Photoshop: Exporting selected frames of video as a single, large image (previously something we could do with the .FLM Filmstrip format)

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Hi everyone,

Any thoughts appreciated on this -

I would like to be able to (easily) export selected sequences of frames of video as a single, large, editable, high resolution image.

Is there any way to do this currently in Photoshop CC2018 ?

If not, I wondered if Adobe could please consider implementing this as a feature within Photoshop.

I would like to be able to edit the selected frames all at once as a single, large image in Photoshop, resaving as a PSD and then using the single image containing the multiple frames for large format printing.

I would intend to edit the image significantly in Photoshop, and being able to quickly assemble all the frames together into a single image as a menu option from within Photoshop would save me a lot of time.

(ie rather than having to copy-paste many many frames together into a new, blank Photoshop canvas)

I would also like to be able to take the large format single image (comprising the multiple individual frames with edits) and be able to reopen this in Photoshop within a video layer.

An equivalent of this feature / functionality was previously available until Photoshop CS3 / CS4 and After Effects CS3 / CS4 as the Filmstrip (.FLM) format.

An example is below, produced using After Effects CS3 and Photoshop CS3, both of which can export the Filmstrip format. Fortunately, for my project, for the moment, both AE CS3 and PS CS3 still run on Mac OS 10.13.4 High Sierra.

I have been able to save Filmstrip files which do exactly as I want through this older Adobe software and hoped the functions it provides could be integrated within Adobe CC2018 at some stage in future.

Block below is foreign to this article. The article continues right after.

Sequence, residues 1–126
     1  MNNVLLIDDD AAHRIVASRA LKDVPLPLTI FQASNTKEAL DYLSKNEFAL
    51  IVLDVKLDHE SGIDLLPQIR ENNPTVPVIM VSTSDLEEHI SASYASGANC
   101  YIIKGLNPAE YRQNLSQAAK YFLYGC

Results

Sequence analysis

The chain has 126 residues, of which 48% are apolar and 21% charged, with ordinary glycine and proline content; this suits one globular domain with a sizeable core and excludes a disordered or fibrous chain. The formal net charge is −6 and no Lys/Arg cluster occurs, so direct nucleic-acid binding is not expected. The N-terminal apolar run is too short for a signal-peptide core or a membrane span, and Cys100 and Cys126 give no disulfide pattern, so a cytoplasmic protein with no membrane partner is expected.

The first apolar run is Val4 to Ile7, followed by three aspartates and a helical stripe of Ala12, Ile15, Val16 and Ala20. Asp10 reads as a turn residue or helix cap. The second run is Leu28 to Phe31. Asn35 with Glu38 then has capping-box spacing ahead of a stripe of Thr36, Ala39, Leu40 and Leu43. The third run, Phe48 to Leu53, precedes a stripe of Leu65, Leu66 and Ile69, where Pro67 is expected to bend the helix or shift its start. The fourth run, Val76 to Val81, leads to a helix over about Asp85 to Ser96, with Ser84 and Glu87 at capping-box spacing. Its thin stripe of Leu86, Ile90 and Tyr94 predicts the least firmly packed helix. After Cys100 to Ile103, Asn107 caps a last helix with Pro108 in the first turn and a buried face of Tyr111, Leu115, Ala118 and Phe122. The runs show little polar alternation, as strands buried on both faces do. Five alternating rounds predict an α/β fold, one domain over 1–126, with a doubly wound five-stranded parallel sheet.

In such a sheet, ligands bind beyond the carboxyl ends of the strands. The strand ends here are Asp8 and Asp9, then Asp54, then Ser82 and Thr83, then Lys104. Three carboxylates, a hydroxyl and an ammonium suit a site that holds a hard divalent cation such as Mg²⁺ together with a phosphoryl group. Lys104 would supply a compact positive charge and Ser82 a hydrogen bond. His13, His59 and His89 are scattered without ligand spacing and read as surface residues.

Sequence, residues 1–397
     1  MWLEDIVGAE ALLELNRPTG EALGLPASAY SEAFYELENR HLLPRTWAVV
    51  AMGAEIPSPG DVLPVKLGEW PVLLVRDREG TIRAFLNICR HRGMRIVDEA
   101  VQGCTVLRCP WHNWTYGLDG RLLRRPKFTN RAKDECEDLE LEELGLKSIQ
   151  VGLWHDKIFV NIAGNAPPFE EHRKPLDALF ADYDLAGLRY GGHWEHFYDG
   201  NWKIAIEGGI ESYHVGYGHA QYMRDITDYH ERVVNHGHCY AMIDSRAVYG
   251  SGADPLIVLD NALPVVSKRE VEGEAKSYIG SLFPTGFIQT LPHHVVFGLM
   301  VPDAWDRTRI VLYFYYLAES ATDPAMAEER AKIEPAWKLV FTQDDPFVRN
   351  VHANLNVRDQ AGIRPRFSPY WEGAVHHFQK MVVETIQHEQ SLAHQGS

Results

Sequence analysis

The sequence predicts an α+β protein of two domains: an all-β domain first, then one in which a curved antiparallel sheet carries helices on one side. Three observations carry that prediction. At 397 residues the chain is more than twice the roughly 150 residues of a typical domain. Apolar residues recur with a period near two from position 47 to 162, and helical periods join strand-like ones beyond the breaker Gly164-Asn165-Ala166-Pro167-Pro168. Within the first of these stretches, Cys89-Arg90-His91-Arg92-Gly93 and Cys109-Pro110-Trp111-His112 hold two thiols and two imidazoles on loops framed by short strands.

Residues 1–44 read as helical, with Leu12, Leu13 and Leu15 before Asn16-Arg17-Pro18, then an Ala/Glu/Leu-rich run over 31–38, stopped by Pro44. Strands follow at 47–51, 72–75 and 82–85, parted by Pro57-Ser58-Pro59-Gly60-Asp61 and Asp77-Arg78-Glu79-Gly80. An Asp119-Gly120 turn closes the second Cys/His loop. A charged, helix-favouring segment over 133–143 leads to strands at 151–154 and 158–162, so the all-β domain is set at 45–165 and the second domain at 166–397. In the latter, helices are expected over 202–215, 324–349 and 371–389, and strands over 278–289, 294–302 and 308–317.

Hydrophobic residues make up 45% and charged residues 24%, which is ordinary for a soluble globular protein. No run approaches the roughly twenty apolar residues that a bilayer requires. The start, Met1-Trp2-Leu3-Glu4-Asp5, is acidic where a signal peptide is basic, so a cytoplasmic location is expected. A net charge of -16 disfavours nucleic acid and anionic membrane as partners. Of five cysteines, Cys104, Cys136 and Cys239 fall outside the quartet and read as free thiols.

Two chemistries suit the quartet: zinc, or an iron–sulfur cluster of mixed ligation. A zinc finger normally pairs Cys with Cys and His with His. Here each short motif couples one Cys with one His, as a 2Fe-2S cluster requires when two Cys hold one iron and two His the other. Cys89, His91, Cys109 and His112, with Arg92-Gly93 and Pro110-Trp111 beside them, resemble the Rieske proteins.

I realise you can import video into Photoshop and edit each frame independently in a Video Layer on the Timeline, one by one (eg drawing on or recolouring the frames etc etc individually) This is a great feature, but it's not what I'm looking for in this situation.

An example is below -

The test subject I filmed is an object rotating, suspended on a piece of thread against a grey background, exported as a Filmstrip from my After Effects CS3



For reference, the above Filmstrip is 5 seconds of 25fps video at 1920x1080.
The Image Size of the Filmstrip (generated by Photoshop CS3) is 9640 x 28496 pixels at 72dpi which is quite large, but my MacBook Pro (mid 2014 / 16GB RAM / Nvidia GPU) opened and edited it pretty quickly, even when three or four layers were present)

I made a quick test edit in Photoshop CS3, applying some layers to create texture.

I took some photos (of plant leaves and a piece of wood with scratches) and copy-pasted / scaled them up in Photoshop CS3 to fill the entire 9640 x 28496 pixel Filmstrip image. Then I applied blending effects and transparency to integrate the textures within the frames of the Filmstrip.